Make a Family History Fanfold Timeline! Activity

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Updated on May 24, 2013

Next time you catch your second grader telling a family story every which way—the trip to the beach that starts with the weird crab, goes to the drive over, and ends with breakfast--don't be surprised.  It's a reflection of the stage, when kids are absorbing more information than ever...but sometimes having trouble keeping it straight, too! 

Fortunately, you can help.  Here's a family timeline activity that creates a keepsake while teaching your second grader to sequence and organize information.

What You Need:

  • Sheet of construction paper, 12x18" long
  • Crayons or markers
  • Pencil
  • Ruler
  • 3x5" photographs of your family--five different events from different years
  • Stapler

What You Do:

  1. Explain to your child that each family has its own special history. Tell your child that you and he are going to create a Family History Fanfold Timeline. On the timeline, you and he will list events that are important to your family.
  2. Hold your construction paper horizontally.  Use your ruler and pencil to draw a horizontal line across the paper, four inches from the bottom.  Fold the paper along the line to make a long pocket.  Now fold the paper in five fanfold sections, and use a stapler to staple the pockets on each fold.  You will have a long paper with five pocket sections.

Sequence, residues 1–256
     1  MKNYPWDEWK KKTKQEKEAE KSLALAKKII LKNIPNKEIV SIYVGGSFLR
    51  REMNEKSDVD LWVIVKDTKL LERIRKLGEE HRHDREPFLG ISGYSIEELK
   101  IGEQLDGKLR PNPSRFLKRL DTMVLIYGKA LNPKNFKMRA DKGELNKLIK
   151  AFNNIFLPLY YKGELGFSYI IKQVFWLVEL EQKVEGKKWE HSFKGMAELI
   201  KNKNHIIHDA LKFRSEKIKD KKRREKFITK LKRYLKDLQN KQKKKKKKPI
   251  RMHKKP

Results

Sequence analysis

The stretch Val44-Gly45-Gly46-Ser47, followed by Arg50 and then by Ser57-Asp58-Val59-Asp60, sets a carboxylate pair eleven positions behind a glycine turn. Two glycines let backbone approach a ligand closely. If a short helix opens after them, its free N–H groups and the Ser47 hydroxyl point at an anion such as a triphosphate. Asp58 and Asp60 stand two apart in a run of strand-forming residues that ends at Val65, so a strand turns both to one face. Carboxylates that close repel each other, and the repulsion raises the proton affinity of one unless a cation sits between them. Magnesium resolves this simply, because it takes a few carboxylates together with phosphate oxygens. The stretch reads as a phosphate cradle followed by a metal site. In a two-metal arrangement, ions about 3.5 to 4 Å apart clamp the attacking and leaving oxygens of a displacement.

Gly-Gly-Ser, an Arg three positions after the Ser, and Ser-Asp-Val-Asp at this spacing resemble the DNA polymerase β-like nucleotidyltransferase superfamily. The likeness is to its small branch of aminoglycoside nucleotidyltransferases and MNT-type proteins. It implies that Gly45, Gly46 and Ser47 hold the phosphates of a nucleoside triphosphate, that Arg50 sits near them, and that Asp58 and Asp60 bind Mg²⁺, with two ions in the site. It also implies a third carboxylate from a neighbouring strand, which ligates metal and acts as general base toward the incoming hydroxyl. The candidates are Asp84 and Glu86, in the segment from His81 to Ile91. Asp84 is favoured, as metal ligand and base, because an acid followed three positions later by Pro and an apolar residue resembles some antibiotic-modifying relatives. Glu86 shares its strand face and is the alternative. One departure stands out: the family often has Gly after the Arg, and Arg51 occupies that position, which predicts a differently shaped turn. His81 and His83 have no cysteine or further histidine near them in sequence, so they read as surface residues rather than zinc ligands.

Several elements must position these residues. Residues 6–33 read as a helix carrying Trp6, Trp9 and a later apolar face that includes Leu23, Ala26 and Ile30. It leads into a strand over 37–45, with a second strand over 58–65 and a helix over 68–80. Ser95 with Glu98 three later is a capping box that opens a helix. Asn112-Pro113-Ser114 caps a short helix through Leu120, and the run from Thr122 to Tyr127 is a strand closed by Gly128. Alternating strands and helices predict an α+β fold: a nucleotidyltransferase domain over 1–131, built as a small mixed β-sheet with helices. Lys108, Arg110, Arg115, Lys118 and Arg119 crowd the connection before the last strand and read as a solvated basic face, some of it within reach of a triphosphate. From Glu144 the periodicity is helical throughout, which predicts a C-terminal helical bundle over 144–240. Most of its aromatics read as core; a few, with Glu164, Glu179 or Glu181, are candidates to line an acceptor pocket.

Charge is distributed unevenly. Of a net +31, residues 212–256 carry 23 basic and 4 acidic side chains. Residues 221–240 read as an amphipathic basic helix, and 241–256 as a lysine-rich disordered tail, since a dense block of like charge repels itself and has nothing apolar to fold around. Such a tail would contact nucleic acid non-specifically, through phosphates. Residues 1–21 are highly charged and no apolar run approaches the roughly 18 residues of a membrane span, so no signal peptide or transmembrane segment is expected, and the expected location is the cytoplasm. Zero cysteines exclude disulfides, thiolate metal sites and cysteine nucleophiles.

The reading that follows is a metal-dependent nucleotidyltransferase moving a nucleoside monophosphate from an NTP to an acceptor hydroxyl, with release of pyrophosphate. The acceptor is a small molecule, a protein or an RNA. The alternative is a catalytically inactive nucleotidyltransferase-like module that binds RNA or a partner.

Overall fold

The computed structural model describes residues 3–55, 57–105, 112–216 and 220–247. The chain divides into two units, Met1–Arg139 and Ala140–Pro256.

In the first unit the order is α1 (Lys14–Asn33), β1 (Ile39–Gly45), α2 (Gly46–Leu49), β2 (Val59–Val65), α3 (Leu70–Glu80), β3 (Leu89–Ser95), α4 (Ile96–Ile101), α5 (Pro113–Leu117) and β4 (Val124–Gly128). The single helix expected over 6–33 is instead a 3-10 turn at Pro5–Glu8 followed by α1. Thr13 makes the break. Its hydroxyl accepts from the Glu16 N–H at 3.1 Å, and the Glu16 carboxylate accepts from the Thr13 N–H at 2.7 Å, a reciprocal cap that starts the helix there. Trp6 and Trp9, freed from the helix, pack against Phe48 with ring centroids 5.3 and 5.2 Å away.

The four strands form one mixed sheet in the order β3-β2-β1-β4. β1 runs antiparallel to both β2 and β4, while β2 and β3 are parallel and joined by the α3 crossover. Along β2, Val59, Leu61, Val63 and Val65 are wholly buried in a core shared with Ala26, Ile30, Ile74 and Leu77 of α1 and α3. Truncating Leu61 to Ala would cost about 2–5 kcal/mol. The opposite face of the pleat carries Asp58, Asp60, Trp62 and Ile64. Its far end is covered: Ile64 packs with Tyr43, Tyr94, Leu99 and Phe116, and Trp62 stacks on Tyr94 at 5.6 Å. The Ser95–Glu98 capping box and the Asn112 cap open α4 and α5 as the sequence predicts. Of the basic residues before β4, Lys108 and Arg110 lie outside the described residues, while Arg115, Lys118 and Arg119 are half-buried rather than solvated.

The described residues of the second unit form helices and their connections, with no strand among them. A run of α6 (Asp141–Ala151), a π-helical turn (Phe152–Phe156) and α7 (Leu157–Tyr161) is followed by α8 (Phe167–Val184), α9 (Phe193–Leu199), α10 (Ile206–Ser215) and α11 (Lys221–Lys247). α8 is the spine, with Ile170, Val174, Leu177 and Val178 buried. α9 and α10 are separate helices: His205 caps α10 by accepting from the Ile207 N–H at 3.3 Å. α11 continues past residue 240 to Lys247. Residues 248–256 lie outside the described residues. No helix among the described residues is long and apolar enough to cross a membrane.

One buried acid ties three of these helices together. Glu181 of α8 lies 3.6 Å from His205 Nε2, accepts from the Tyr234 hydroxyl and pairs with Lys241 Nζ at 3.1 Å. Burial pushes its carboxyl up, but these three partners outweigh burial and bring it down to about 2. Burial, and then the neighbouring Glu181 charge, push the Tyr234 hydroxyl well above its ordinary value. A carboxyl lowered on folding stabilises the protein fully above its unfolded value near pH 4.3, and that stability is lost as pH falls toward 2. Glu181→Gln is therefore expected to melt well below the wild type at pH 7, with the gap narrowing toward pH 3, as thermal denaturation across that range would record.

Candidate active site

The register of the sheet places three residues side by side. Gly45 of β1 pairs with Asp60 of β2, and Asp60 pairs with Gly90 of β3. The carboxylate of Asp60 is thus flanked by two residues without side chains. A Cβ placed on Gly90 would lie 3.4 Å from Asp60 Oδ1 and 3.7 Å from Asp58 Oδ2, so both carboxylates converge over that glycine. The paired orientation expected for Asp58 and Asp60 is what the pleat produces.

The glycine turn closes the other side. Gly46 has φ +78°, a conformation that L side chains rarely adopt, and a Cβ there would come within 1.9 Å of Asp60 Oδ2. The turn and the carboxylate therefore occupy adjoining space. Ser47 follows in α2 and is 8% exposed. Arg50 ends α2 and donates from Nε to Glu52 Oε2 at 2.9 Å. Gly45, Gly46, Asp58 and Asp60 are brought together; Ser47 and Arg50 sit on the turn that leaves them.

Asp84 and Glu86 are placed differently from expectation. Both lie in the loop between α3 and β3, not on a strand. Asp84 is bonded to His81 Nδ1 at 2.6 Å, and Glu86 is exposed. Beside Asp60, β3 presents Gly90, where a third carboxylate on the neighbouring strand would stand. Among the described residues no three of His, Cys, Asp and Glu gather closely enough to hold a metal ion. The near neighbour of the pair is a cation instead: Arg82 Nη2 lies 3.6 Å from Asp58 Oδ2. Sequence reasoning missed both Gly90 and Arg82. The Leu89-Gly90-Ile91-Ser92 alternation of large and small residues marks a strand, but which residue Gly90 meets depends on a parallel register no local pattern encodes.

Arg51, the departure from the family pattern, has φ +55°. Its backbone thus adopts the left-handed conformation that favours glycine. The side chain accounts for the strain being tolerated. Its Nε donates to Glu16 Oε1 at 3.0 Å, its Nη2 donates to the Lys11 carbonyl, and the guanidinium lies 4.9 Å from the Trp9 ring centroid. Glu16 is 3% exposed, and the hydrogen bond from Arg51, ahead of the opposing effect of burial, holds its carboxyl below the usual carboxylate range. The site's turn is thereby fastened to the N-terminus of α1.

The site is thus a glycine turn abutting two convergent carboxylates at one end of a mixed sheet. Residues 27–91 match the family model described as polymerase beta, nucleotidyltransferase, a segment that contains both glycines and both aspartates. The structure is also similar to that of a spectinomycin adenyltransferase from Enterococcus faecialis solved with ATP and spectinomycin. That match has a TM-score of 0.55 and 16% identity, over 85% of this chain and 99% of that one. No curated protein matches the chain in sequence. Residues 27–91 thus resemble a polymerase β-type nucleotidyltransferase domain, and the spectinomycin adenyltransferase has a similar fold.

3. Spread your photos on a tabletop, randomly, and talk about them.  Which came first?  What date did it happen? Make sure that one of them is from the year your child was born!  Help your child place the events in order.
  4. Place the photos in the pockets, in order.  In the space above the pocket, have your child write the year of the event, and on the pocket itself, a sentence about what happened. When you're done, fold the timeline along each of the five sections, to make a fanfold.
  5. On the front cover, have your child draw a picture of herself right now.  She can give the timeline to grandma as a special present...or keep it in a cherished place on a dresser.  No matter what, you can both use it as a reference, any time your child's sequencing starts to wander, and you can make another timeline the next time you must make sense of a family vacation story, or of a book at school.  What happened first? Next?...and on and on!
Sally Ann Stanley is an experienced educator, with over 14 years of teaching experience. Over the last ten years she has created educational materials, including ancillary, textbook, and test items, for Grades K-8 for major educational publishers.

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